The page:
In the cold spring of 1936, Arthor Crandle, down-on-his luck and desperate for work, accepts a position in Providence, Rhode Island, as a live-in secretary/assistant for an unnamed shut-in.
He arrives at the gloomy colonial-style house to discover that his strange employer is an author of disturbing, bizarre fiction. Health issues have confined him to his bedroom, where he is never to be disturbed. But the writer, who Crandle knows only as "Ech-Pi", refuses to meet him, communicating only by letters left on a table outside his room. Soon the home reveals other unnerving peculiarities. There is an ominous presence Crandle feels on the main stairwell. Light shines out underneath the door of the writer's room, but is invisible from the street. It becomes increasingly clear there is something not right about the house or its occupant.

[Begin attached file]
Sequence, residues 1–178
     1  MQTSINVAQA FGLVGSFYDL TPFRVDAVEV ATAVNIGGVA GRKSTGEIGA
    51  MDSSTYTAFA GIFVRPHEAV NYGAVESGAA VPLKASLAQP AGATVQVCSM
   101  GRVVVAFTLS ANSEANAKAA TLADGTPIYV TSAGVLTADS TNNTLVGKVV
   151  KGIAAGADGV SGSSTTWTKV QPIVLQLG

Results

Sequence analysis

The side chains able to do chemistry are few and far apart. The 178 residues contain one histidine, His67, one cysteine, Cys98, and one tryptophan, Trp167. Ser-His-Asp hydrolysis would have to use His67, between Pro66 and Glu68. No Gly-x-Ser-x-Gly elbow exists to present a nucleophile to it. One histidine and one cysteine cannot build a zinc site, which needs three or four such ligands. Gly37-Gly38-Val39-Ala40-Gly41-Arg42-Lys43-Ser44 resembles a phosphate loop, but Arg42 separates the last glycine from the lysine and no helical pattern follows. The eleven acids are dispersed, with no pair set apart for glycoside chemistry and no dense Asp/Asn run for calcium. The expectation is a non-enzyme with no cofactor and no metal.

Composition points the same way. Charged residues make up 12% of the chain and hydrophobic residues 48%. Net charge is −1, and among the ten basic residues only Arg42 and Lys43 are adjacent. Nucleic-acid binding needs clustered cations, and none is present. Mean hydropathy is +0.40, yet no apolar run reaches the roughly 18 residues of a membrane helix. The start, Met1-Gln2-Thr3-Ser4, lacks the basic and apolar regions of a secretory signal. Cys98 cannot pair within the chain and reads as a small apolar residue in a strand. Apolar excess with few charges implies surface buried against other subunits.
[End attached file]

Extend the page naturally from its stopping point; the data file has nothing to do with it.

Haunting visions of a young girl in a white nightgown wandering the walled-in garden behind the house motivate Crandle to investigate the circumstances of his employer's dark family history. Meanwhile, the unsettling aura of the house pulls him into a world increasingly cut off from reality, into black depths, where an unspeakable secret lies waiting.
What listeners say about The Broken Hours
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- Nina Mahinay
Not familiar with HP Lovecraft. I was moved!
The Narrator's tone left me unexpecting and unexcited which I'm not sure was a good thing. His monotony made the ending unexpected and therefore moved me in the end.
- Eduan Rust
One of the best dramatic tales I've ever read
Anyone who likes drama, weird fiction, and unsettling tales that could be true - please do yourself the favor of reading The Broken Hours. The narrator does the story complete justice with his tone and pacing - and it gave me chills many times.
If you enjoy this story please also look for Jacqueline Baker's other books!